Tim Vandenack, Standard-Examiner
OGDEN — Blockchain, the technology that has helped lay the foundation for digital currencies like Bitcoin, can be a bit tough to grasp for the layperson.
You better start studying up on it, though. W. Scott Stornetta, one of the developers of “early blockchain,” as he puts it, foresees the technology becoming more and more embedded in everyday life.
“I think we’re still a ways away, but I very much see it coming, succeeding to the extent that we become unaware we’re even making use of it,” he said during a visit to Weber State University, where he met with faculty and students on the matter.
What’s more, Stornetta — now a partner in a New York-based venture capital firm, Yugen Partners — foresees growth in the digital currencies that rely on blockchain, creating a measure of competition with traditional currencies like the U.S. dollar. Some could view competing currencies as a threat, but if it helps bolster the U.S. economy, Stornetta suggested it should be viewed favorably.
“I think that’s a healthy thing, quite frankly,” he said.
Stornetta’s wife, Marcia Stornetta, is originally from Ogden and returns each year, assisting Weber State students with the application process as they mull moving on to medical school. Given the tie, university officials connected with Scott Stornetta, inviting him to meet with students and staff.
Stornetta’s presence “is an incredible opportunity,” said Matt Mouritsen, dean of Weber State’s Goddard School of Business and Economics. “Not only will learning from Scott enable us to ensure our curriculum is aligned with the most-advanced technological concepts, but also by having him visit one-on-one with students, industry leaders and faculty, we are building connections between curriculum and communities that are invaluable.”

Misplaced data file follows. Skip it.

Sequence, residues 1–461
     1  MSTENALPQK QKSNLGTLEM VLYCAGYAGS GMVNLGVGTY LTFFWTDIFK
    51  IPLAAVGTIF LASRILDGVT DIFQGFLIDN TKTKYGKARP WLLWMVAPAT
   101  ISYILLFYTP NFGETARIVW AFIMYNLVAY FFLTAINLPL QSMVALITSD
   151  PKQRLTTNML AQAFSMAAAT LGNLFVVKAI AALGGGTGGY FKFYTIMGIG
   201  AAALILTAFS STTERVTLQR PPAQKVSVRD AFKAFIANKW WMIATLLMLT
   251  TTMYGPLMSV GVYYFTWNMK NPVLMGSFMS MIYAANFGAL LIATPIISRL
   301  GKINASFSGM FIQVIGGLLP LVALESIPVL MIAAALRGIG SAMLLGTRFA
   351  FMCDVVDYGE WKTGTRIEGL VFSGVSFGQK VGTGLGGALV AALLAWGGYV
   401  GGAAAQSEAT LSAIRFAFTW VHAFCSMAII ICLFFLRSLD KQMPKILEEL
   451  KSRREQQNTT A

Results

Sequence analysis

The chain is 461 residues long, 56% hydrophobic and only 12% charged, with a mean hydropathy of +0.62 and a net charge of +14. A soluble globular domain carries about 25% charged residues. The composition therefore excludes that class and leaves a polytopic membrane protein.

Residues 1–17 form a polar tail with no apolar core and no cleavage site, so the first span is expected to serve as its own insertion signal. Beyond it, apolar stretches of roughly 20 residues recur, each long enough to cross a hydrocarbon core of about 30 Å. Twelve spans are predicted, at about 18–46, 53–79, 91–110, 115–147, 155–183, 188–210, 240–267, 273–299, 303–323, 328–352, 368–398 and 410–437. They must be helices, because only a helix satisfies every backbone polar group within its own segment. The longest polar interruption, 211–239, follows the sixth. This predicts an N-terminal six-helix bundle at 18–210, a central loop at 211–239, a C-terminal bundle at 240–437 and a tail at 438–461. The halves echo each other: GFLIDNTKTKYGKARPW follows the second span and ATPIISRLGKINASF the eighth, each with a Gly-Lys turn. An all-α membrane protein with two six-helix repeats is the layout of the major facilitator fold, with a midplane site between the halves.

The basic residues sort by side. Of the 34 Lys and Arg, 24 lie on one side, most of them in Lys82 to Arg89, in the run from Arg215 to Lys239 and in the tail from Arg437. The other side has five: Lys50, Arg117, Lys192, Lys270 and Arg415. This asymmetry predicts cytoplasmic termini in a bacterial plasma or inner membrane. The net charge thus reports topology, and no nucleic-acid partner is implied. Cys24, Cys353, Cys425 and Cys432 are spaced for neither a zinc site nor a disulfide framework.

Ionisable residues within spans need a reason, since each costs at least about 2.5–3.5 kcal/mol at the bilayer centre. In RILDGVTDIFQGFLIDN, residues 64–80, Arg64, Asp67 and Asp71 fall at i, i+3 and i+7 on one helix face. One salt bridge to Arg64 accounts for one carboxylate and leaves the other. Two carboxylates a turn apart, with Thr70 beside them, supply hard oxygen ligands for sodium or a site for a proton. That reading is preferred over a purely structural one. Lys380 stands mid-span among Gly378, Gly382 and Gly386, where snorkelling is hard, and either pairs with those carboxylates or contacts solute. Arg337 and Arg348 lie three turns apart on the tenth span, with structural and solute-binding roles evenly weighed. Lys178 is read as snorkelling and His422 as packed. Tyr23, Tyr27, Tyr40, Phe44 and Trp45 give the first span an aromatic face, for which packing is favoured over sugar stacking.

Aside from a talk to students, Stornetta, now living in Morristown, New Jersey, also met with the Standard-Examiner, discussing digital currencies and blockchain. His efforts developing blockchain with Stuart Haber date to the early 1990s while they worked together as researchers at Bell Communications Research.
Blockchain, a Weber State press release explains, is “a database storage technology that collects information in blocks.” As “blocks” fill, new ones are added, creating “irreversible, uneditable and independently verified” chains of information.
While blockchain’s most visible use is with digital currencies, helping verify their value, Stornetta said it has a range of applications. It can be used more broadly in the financial sector and even in tracking goods and commodities as they pass through the supply chain.
“There are a lot of nuts and bolts things that can be improved on,” he said, creating “frictionless” transactions that are more transparent, trackable and trustworthy. Broadly, he sees blockchain as a tool in creating a more trustworthy system of record-keeping.
Some view the technology with fear and distrust, Stornetta said, but that was the case with earlier innovations, like the printing press and even clocks. He also acknowledged that there can be dangers with technological innovations.
“But they don’t have to be feared and treated so defensively that we miss out on the opportunity to take advantage of them,” he went on.
A measure of government regulation may be merited, he said, also noting that Americans are pretty good at tapping and harnessing innovations like blockchain. “I think blockchain’s going to reach that level of just becoming part of the underlying infrastructure,” he said.
Stornetta is originally from Maryland. He received a doctorate in physics from Stanford University and bachelor’s degree in physics from Brigham Young University.
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Tim Vandenack, Standard-Examiner